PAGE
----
And if this isn't enough, turns-out that most compilers still optimize very poorly (surprised?), especially MSVC (no surprise here...), and require the code to include lot's of unnecessary helping-hands to nudge them in the right direction.

            In short, the C++ that you tend to find in game-engines code, seems to end-up looking like "C With Classes" at best, and "Pre C99" at worst...
            Abstractions? Type-Safety? Modern-Style? Turns one none of these "luxuries" are affordable for game-engines...
            The only reason the speaker found to use C++, is "cultural", as he notes many times...

            So, seems like even Modern C++ is the "middle-man" that no one likes - it takes too much and returns very little benefits...
            Too slow for game-engines, too unproductive for scripting game-logic.
            Last edited by EruArnold; 10-01-2014, 06:08 PM.

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              Hi All.

              I too am familiar with BASIC and FORTRAN....gawds I hate that language. haha!!

              I have been watching this topic as well as watched the two above Youtube vids....thank you by the way.

              Since it has been brought to the front as a C++ Hybrid or more Elegant Language......I will have to say that NWScript is basically that language. Very powerful, elegant, easy to figure out and use. Looks like C/C++ in format. There is even a Lexicon for all the internal functions and descriptions. How the scripting language actually functions between the lines is the development to speak with memory and game specifics. If anyone has programmed in NWScript will know that productivity is extremely high....and if we were allowed to access more of the 'Internal' BioWare Aurora engine specifics the language could have been even better. I still enjoy programming in it.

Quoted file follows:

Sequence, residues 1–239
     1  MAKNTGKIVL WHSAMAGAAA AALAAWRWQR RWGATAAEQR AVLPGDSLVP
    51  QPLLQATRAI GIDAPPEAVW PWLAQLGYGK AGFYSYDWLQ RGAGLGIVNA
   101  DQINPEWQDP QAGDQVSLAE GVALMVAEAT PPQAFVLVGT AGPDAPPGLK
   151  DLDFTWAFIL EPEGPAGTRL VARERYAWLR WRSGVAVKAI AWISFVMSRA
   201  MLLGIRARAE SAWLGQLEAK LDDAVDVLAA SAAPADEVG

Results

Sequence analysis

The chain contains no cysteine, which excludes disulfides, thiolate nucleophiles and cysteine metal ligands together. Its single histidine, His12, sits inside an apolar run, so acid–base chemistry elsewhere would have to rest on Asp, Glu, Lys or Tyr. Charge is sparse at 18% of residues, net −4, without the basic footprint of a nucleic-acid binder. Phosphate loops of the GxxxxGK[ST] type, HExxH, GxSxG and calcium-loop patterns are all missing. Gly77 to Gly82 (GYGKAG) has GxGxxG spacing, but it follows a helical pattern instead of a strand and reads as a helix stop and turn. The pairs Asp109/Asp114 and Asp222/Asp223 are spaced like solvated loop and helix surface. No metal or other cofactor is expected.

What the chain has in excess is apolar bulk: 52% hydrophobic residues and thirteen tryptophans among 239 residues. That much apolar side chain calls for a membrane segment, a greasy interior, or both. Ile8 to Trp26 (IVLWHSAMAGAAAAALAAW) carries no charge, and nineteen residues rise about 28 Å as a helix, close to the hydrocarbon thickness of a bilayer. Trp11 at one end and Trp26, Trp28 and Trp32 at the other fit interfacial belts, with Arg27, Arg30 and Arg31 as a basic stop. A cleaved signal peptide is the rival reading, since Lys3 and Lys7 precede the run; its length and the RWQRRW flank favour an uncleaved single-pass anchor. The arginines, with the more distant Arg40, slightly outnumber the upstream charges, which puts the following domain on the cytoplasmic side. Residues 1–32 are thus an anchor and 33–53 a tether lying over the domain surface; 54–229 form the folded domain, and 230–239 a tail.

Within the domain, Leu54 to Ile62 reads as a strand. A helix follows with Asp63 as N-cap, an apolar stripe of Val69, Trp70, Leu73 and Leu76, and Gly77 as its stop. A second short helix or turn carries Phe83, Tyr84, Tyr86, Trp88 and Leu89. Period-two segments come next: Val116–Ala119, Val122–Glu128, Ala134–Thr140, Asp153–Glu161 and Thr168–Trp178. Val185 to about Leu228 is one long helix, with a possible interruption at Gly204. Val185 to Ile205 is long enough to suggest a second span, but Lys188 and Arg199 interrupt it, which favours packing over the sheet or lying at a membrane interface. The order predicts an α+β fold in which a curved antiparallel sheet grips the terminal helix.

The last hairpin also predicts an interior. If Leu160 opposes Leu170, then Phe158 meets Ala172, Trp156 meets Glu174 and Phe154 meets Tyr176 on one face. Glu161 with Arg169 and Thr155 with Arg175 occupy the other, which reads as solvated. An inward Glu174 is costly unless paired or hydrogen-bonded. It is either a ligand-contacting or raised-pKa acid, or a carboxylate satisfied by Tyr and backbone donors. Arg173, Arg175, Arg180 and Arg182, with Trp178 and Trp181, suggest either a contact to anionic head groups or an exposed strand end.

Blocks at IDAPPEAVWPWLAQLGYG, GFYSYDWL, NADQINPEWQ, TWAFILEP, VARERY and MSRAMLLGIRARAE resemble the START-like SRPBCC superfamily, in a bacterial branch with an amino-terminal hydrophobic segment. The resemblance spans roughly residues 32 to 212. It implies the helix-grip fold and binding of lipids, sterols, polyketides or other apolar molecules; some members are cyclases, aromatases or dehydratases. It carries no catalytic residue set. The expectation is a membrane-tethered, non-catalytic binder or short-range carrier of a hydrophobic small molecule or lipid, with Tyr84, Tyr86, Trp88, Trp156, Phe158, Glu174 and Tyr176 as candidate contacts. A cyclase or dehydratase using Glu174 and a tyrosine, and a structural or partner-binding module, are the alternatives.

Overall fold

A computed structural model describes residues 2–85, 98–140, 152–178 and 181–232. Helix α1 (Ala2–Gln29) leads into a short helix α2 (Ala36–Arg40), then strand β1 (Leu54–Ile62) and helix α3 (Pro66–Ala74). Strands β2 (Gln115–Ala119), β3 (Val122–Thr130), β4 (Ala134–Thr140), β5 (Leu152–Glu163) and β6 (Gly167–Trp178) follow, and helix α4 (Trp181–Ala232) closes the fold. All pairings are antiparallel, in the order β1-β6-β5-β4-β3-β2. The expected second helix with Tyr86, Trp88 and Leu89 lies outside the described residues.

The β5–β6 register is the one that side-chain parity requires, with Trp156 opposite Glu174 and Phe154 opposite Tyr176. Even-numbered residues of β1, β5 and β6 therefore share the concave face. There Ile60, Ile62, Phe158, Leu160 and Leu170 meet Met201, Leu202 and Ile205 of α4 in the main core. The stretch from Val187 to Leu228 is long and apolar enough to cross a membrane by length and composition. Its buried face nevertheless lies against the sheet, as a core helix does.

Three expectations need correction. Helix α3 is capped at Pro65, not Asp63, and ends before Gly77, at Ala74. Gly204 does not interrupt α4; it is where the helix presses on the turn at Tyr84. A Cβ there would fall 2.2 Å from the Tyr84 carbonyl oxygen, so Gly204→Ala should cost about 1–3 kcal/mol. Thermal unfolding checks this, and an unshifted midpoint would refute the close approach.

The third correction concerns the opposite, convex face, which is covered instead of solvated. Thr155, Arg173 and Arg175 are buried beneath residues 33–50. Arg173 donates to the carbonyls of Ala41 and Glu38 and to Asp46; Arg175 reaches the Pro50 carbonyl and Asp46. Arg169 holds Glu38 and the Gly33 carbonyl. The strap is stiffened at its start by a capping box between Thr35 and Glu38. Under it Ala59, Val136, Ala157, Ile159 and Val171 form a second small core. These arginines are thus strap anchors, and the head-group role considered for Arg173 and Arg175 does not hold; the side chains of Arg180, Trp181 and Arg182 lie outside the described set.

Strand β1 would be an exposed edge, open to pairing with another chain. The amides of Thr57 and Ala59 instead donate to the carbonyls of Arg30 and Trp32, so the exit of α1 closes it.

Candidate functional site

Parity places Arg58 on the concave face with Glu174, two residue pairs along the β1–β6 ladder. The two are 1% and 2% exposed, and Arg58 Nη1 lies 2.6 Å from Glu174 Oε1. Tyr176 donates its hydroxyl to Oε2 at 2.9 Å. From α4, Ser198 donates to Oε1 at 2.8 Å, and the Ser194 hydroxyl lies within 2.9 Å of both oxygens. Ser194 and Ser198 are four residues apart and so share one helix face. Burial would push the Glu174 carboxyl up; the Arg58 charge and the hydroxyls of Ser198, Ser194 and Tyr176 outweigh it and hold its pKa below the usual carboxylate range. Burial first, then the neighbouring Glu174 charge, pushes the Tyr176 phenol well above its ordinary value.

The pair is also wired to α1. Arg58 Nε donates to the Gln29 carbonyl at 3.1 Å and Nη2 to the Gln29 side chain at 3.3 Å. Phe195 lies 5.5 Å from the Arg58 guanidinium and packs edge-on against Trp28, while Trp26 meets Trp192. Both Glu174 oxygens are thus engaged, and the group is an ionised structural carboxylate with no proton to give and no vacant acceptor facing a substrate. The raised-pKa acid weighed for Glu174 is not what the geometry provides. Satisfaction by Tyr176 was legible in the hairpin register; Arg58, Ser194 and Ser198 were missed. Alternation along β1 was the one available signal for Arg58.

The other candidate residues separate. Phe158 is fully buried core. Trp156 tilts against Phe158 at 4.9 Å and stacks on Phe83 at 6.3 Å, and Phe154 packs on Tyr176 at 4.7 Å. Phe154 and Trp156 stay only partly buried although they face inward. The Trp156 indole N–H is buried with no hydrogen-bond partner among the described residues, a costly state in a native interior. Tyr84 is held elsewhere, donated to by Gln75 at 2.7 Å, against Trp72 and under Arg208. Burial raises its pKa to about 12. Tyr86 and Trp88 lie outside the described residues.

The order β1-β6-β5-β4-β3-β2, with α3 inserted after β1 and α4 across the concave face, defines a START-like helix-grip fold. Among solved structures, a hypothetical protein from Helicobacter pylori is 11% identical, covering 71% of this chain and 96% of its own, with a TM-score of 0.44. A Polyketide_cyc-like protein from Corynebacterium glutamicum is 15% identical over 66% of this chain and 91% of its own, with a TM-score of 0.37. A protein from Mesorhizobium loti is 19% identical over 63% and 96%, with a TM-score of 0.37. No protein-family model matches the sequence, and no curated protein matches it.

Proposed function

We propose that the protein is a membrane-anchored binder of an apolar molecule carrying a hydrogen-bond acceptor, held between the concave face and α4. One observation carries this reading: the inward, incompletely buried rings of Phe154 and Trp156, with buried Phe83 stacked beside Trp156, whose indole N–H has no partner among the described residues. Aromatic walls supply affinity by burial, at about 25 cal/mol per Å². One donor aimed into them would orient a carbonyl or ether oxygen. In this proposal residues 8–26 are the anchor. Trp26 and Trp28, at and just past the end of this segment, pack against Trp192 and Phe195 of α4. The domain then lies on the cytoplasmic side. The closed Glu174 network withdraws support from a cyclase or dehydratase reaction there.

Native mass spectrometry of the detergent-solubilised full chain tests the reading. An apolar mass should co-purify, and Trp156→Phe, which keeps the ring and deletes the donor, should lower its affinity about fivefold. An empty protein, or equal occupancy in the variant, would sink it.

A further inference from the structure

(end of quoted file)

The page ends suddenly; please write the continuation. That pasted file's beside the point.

As for UE4 I would be a huge advocate for a Middleware that has commonality to NWScript that makes thing simple for all sorts of UE4 uses.

              **I did this to a large extent in Unity but in C#

              For any curious programmers http://www.nwnlexicon.com/index.php?title=Main_Page


              Some of the craziness in this forum topic is just silly, however, I have very much enjoyed watching this and reading everyone's opinions. I agree on both fronts on this.

              Thanks!
              K

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                @Krixa

                Don't forget UDK/UE3 was build around a script language called UnrealScript. There are many reasons why they removed this UScript from UE4.
                Seems for some of the guys, C++ is not enough and want to bring in lots of obscure scripts languages, for the sake of "elegant" coding reason. Absurd.. totally absurd.

                Originally posted by EruArnold View Post
                So, seems like even Modern C++ is the "middle-man" that no one likes - it takes too much and returns very little benefits...
                Too slow for game-engines, too unproductive for scripting game-logic.
                C/C+ is not here for games, and was not made only for games dev. And is fast enough, if you want the ONLY fastest route over C/C++, go ASM and good luck with that finishing a game/application.

                Comment


                  Originally posted by TDoro View Post
                  @Krixa
                  C/C+ is not here for games, and was not made only for games dev. And is fast enough, if you want the ONLY fastest route over C/C++, go ASM and good luck with that finishing a game/application.
                  I was paraphrasing the cppcon talk above, and in it's context.
                  I was not making a general statement - I agree that that would be silly...